While many companies produce and sell 'film-shield' bags, in reality these bags are more likely to cause harm to your film than protect your film. When an airport security x-ray operator is unable they see through an item within a bag they frequently crank up the power of the x-ray. As the x-rays are cranked up they are able to see through the 'film-shied' protector bags, as the intensity of the x-rays increase to cut through the 'film-shield' the end result is the film that should be protected in the 'film-shield' gets baked inside. The end result is almost always the film you sough to protect is fogged or completely destroyed.

So while grabbing your F3hp or Leica M4-P and all the film you can stuff in your Mountainsmith Tour pack, remember that some tape a Sharpie marker can make your airport experience simple and stress free.

For more information on the resurgence of film visit

Happy Flying!


Steven Frischling is professional photographer turned international travel strategist whose goal is to help photographers travel easier, travel smarter and travel with less stress.

As a photographer Steven's assignments have spanned the globe, and racked up more than 1,000,000 miles flown since 2005 (when he started keeping track of his miles). Through Steven's travel he developed an innate sense of travel planning, logistics and simply how to get himself and his equipment where they needed to be.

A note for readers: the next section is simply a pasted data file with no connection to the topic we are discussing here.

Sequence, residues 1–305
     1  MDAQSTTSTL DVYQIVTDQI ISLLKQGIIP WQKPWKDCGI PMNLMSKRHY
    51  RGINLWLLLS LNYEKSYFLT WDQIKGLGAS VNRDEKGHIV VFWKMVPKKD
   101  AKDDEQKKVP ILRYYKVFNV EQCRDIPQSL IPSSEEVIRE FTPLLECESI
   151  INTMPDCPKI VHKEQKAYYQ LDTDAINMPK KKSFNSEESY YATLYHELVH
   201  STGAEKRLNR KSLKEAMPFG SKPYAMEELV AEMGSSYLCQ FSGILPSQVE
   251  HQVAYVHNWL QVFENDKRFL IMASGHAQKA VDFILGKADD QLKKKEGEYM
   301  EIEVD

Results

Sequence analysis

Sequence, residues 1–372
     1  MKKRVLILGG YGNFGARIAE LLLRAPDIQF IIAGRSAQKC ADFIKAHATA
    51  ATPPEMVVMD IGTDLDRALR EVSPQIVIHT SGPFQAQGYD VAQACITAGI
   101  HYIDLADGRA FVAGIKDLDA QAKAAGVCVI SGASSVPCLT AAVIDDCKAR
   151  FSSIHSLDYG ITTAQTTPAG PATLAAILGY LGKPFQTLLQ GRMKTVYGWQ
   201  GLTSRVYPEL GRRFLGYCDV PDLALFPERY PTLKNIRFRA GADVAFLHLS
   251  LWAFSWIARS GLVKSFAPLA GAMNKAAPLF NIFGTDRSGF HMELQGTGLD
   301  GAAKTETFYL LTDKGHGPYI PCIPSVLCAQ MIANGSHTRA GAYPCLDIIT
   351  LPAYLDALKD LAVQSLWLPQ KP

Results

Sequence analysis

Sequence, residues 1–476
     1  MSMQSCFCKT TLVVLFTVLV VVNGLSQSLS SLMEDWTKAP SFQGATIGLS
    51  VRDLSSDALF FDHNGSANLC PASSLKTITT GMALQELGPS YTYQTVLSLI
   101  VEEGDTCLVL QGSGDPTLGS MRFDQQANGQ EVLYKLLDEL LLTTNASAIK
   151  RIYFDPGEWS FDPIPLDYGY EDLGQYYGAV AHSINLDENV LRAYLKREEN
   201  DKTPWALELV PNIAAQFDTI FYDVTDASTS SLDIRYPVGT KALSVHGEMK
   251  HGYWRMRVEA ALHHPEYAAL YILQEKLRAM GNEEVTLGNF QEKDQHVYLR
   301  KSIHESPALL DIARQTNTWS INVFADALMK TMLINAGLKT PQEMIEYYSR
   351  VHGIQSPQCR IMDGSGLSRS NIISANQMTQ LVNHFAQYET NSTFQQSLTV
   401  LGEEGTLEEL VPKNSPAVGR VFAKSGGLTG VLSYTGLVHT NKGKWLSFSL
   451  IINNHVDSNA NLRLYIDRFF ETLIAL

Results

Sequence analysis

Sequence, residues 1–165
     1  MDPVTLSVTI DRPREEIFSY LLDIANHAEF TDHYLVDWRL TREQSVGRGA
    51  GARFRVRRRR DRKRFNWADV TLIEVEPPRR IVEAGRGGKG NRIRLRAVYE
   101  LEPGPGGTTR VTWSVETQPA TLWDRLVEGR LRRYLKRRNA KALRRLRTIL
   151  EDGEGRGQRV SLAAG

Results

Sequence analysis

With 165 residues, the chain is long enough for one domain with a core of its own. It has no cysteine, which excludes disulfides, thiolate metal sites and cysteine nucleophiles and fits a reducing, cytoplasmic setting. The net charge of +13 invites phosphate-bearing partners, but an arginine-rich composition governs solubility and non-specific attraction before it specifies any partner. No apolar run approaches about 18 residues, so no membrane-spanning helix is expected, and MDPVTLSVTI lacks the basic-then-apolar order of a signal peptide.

Some of Steven's more 'fun' assignments have included shooting four assignments, in four countries, on three continents, completely flying around the world in 3.5 days ; circling the globe one-and-a-half times while shooting a project for an airline in 4.5 days; flying from New York to Basrah, Iraq, for six hours; travelling to Kuwait City for two hours for a shoot; and flying from New York to Frankfurt for the morning for a shoot (yes, just the morning) before flying home.

Throughout Steven's professional career as a photographer he has worked as a contract newspaper photographer, contract wire service photographer, contract photo agency photographer, newspaper staff photographer, newspaper photo editor, newspaper chief photographer and director of photography for a multi-national magazine publisher overseeing five international magazines.

Along the way Steven's photography clients have included Life Magazine, Time Magazine, The New York Times Travel Section, The Kuwaiti Government, The International Olympic Committee, Sunoco Oil, Southwest Airlines, Virgin Atlantic, Delta Airlines, Oasis Hong Kong Airlines, Harvard University, Home & Garden Television and The Discovery Channel.

When not shooting photos or consulting with corporate travellers, airlines and those related to photography and airline travel, Steven lives with his wife and three kids 102 yards from the ocean directly between New York City & Boston.

Visit Steven online here:
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Interested in a 1-Day Travel-Photo BootCamp like no other? An education experience where you step onto the plane not knowing where you are headed, while learning how to succeed while facing situations where most photographers fail?  Of course you’re interested! Visit http://www.comeflywithfish